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The Devil's Trick


Just as I was beginning to wonder if it was time to cut back on my mantra-like preaching of “Purpose then strategy” to my clients I came across historian John Boyko’s provocative book ‘The Devil’s Trick: How Canada Fought the Vietnam War.’

Boyko tells the story of six Canadians whose lives were changed by the Vietnam War and, by telling their stories, he challenges Canadians to rethink their perception of the role Canada played in that war.

A fascinating read but it was Boyko’s story on Canadian anti-war activist Claire Culhane that really got my attention from my career counsellor perspective.

“Culhane was a 48-year-old hospital administrator in Montreal who decided to work at a Canadian-made, Canadian staffed hospital after reading a magazine article.” Writes Boyko. “She, like many others, was shocked to learn that Canadians had built and were staffing hospitals in South Vietnam. She left because she could not stand the hypocrisy. What she found was that so many of the patients in this hospital who were being helped as best they could, were there because of the weaponry that Canada was helping to supply.”Culhane came back to Canada, led protests and sent letters to the government, demanding an end to Canadian arms sales to the U.S.

Boyko’s research found that Canada was selling everything from guidance systems to boots to the famous green berets. And napalm. And Agent Orange, the infamous chemical responsible for the deaths of 400,000, with 4.8 million being exposed to its horrific effects.

One of Culhane’s protests involved setting up ‘camp’ on Parliament Hill in Ottawa and trying to engage the politicians of the time in dialogue around this hypocrisy. At one point a handful of liberal senators and members of parliament had gathered around and were discussing the pros and cons of Canada’s involvement in the war. The conversation ended when Jean Marchand, a senior minister, commented that the bottom line in the debate was “Who wants to tell 130,000 employees that their factory is shutting down and they will be out of work?”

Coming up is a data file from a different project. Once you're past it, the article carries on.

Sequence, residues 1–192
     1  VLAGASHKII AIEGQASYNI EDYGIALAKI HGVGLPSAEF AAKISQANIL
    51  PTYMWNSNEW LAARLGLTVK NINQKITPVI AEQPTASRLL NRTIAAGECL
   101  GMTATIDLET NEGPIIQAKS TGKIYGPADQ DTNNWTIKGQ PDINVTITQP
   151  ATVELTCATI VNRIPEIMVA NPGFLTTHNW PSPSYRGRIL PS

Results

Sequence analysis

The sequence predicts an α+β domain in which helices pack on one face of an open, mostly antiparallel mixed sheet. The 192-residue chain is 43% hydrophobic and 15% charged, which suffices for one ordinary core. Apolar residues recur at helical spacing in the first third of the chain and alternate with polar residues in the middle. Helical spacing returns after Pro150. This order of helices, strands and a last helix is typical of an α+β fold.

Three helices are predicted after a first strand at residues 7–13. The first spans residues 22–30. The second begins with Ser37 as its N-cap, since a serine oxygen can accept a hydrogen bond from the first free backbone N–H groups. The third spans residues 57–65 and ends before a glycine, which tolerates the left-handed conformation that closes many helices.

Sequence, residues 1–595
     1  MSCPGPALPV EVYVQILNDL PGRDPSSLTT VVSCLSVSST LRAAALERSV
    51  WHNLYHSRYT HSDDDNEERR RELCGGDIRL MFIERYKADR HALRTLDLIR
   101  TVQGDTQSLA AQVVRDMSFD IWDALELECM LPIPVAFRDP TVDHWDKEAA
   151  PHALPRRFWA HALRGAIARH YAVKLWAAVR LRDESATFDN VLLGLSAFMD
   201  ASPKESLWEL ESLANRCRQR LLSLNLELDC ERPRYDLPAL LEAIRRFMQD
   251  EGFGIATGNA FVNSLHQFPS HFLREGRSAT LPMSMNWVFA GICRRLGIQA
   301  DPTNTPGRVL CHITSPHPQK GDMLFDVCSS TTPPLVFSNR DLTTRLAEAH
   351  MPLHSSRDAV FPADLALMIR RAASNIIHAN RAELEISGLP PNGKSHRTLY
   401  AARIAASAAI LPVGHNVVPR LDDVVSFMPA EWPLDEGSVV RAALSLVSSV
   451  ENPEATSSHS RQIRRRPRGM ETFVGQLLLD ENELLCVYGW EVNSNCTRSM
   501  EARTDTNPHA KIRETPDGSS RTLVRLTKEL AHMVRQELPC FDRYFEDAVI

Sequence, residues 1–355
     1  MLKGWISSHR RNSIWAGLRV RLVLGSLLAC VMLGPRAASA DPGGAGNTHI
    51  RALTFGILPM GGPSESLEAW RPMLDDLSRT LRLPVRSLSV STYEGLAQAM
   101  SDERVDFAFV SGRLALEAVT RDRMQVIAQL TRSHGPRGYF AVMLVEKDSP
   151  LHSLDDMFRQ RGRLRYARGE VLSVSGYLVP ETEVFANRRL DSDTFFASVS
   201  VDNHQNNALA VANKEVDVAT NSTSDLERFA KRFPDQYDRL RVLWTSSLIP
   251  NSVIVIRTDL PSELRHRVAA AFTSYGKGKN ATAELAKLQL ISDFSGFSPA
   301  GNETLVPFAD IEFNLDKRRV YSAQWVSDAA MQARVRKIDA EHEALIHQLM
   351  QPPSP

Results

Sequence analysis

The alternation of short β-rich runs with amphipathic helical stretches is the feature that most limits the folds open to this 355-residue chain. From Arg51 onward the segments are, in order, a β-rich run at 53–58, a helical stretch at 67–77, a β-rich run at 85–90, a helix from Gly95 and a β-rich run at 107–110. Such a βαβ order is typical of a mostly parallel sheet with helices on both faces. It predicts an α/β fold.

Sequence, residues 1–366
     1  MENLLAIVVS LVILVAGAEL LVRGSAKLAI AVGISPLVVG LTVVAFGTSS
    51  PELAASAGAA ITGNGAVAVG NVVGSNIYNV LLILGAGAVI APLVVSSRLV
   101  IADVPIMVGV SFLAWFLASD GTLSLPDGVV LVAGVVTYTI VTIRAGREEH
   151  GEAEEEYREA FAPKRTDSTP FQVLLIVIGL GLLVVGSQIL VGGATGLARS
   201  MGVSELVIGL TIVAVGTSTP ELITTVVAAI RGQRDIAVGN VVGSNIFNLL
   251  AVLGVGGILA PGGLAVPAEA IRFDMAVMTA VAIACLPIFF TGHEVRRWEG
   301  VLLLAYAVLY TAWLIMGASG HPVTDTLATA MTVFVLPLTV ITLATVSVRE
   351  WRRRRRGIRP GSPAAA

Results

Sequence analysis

Canada was contributing to death and suffering in order to save 130,000 jobs. This would indicate to me that jobs are more important than people, it is more important to keep people working than is the outcome, or purpose, of their work. This attitude has prevailed since the concept of job was formed during the Industrial Revolution. It is not a stretch to say that in the Canadian value system, jobs are more important than individuals, families, other forms of life, the planet in general, in fact it is plainly apparent that this is so.

The argument that individuals must have jobs in order to provide for their families is inaccurate. Jobs can be created that will provide security for families and benefit the planet; those are good reasons for jobs. All it takes is to place purpose before strategy. What is it we intend to accomplish before we develop a strategy to earn money or, in the politician’s case, garner votes?

Purpose before strategy does not only apply to governments and corporations but to each of us. What is the work we are currently doing accomplishing? What do we want the purpose of our work to be? Once that is decided then we decide upon the strategy to accomplish that purpose along with anything else we want. 

The Implicit Career Search continues to prove that individuals, no matter their current situation, are capable of finding purposeful, fulfilling work that will meet their material needs. And here is the shocker - governments and corporations are staffed by individuals! Now if the majority of those individuals were to become committed to purpose before strategy a great deal of our currently ‘unsolvable’ problems would be solved by the motivation unleashed from the power of positive purpose.

I think John Boyko’s clever book title can also be applied to how we have allowed ourselves to be tricked about the purpose and priority of jobs.

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